Unilever and Proctor & Gamble

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Yohaan Samuel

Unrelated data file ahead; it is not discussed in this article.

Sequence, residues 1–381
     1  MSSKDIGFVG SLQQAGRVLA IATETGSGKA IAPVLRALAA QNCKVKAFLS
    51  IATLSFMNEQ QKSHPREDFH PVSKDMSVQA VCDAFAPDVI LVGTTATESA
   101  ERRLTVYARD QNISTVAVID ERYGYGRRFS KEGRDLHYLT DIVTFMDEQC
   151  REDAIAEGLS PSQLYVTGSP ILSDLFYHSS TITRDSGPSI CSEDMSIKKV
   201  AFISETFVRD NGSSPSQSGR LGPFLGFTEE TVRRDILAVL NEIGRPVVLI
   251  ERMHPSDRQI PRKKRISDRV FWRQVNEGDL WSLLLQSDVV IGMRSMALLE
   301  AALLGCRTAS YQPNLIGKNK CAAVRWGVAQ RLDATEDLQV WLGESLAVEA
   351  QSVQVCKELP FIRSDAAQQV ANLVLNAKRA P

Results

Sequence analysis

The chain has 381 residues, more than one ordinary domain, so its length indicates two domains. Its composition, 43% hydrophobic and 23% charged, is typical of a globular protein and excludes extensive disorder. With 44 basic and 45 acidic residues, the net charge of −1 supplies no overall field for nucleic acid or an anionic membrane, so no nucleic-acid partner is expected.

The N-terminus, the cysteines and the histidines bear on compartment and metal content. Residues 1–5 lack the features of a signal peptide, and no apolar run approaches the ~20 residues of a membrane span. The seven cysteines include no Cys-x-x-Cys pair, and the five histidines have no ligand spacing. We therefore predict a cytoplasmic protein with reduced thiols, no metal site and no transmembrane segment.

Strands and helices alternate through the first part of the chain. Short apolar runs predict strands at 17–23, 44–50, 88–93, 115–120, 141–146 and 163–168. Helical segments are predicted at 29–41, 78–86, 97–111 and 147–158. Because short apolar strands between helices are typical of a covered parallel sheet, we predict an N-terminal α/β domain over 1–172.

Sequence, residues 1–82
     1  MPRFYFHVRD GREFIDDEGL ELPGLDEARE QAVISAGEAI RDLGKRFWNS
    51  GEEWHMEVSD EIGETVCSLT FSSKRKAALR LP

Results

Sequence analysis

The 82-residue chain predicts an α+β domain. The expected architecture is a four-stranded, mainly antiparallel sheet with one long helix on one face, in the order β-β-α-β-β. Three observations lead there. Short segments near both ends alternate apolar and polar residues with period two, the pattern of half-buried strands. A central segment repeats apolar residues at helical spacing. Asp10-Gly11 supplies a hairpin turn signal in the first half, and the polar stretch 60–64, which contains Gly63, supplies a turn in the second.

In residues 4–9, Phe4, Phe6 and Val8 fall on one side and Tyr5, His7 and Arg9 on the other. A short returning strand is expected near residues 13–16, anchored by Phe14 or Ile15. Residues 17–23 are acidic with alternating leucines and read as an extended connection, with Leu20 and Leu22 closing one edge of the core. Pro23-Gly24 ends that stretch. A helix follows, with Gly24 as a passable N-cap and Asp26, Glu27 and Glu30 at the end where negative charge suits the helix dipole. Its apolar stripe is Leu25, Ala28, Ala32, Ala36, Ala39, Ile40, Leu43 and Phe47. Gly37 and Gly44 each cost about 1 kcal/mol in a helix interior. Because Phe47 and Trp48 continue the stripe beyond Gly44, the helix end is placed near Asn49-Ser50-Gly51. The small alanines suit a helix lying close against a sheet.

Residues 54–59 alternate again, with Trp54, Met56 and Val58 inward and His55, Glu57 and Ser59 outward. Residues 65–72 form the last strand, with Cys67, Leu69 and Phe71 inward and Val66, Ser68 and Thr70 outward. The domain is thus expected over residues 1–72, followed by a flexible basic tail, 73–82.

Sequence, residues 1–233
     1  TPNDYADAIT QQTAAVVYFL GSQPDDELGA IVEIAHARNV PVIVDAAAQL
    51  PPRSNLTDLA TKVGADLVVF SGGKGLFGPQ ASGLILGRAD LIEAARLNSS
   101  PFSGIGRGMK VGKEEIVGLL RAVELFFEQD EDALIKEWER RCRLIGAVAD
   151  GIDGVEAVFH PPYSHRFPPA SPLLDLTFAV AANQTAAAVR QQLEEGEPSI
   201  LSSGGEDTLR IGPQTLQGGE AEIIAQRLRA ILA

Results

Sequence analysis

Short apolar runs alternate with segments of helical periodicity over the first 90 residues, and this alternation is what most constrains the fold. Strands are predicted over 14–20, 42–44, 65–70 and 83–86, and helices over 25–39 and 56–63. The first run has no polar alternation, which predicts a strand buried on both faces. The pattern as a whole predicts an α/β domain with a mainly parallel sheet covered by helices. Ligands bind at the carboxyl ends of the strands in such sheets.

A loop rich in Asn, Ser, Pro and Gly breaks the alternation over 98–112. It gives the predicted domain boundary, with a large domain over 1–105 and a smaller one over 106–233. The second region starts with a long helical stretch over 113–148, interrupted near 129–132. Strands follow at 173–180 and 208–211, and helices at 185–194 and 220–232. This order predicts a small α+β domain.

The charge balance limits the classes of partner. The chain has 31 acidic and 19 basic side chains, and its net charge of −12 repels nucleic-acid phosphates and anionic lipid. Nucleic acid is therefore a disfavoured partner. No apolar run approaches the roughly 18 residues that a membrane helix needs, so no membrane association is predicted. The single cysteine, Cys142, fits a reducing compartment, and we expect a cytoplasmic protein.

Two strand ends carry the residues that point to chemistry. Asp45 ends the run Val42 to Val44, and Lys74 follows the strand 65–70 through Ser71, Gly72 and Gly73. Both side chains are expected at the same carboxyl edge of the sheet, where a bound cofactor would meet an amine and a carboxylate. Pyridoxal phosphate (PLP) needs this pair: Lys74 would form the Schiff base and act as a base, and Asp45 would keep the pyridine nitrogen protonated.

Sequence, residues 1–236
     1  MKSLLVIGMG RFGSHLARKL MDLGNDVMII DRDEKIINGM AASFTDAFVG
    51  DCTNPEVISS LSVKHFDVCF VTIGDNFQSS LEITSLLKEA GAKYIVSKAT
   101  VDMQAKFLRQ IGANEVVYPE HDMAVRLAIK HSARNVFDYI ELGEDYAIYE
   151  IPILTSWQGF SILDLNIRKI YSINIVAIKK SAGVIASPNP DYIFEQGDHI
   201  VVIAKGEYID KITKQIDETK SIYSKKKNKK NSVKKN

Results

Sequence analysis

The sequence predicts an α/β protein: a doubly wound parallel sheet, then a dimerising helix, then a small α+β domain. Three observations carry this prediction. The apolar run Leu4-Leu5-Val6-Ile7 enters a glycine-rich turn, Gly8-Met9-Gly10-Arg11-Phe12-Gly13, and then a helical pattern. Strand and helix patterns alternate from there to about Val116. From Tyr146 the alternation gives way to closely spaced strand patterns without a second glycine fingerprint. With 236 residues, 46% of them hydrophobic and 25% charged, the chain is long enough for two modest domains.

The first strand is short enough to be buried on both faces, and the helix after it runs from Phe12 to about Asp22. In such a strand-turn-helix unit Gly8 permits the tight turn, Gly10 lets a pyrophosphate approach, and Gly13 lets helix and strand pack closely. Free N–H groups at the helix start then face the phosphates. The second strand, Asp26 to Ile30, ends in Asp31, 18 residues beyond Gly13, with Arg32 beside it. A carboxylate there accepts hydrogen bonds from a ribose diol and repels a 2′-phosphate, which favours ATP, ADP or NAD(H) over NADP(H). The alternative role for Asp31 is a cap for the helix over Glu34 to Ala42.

A Frenchman named Henri Fayol (1841-1925), although an engineer came up with a theory. He changed the thoughts of business administration and sculpted a structure of management that is practiced even now in this day and age by a vast number of companies worldwide. This theory of his, now commonly known as ‘The 14 principles of management by Fayol’ is going to be applied in two mega-organisations such as Uniliver and Proctor & Gamble (P&G): Proctor & Gamble and Unilever are two big multinational corporations that manufacture a large range of consumer goods such as beverages, food, personal care products, products for the home, etc. The former is an American multinational corporation while the latter is a Dutch-British multinational corporation. In around 1997, Unilever decided that it was time to start living up to its potential. The new objective to increase focus and improve results, unsurprisingly become a priority. Clear direction was set and it was agreed almost unanimously that the company should direct its focus on specific tasks and products that mattered. For instance, the sale of the chemicals business in 1997, although considered as a very promising prospect, if having been allowed to remain in the portfolio would have resulted in a deviation of managerial attention, labour, funding, etc. This helped Unilever channel more of its time and energy into their other products as they didn’t have to worry about the chemical business anymore. This and other such instances eventually lead to a steep growth in the development for Unilever. In the 1990s, Unilever realized that it wasn’t developing and growing very fast – both in terms of profit and size. The chief of the many problems was that they focused a considerable amount of time and energy on too many tasks, most of which did not require that much attention. Eventually, Unilever realized that although they had the adequate knowledge and means to grow on a much faster and larger scale, not enough was done to exploit the economy to cause a serious and desirable growth spurt for them. A serious lacking of initiative was only but obvious. Although there was creativity, there was no one to take up the baton and run with the idea. Initiative doesn’t stop at the idea. What makes it count is when the idea blazes into a reality through the sparks of execution. Since the start of the new century, ideas were executed and the steady growth was inevitable. And to encourage this, Unilever invested US$1 billion for the year 2001 dedicated for the purpose of research and development. It also added an extra US$ 5.7 billion for the marketing of its products. In an inspirational movie Remember the Titans (2000); the coach of a high school American-football team is faced with the task of uniting his players who are of both races, black and white. At that time, due to the circumstances regarding racism, to even think of equity between the two previously mentioned races as a possibility would be madness. And to add to the coach’s mountain of a situation, he needed acceptance into his team as he was an African American. But one line that doesn’t fail to speak to the heart of the viewer is when Coach Boone, standing on the same ground where the Gettysburg Battle was fought, expresses the desire for his team to develop the espirt de corps by crying out these words to his team, “If we don’t come together on this hallowed ground, we too will be destroyed!” Equity and esprit de corps go hand-in-hand. And Unilever, recognizing that they were one of the most international companies in the world, ensured that by first settling the fact that each person was equal to another and nobody was higher than another by race, religion, sex or any other factor. Because without realizing equity, people cannot develop the espirt de corps which requires harmony and unity among...
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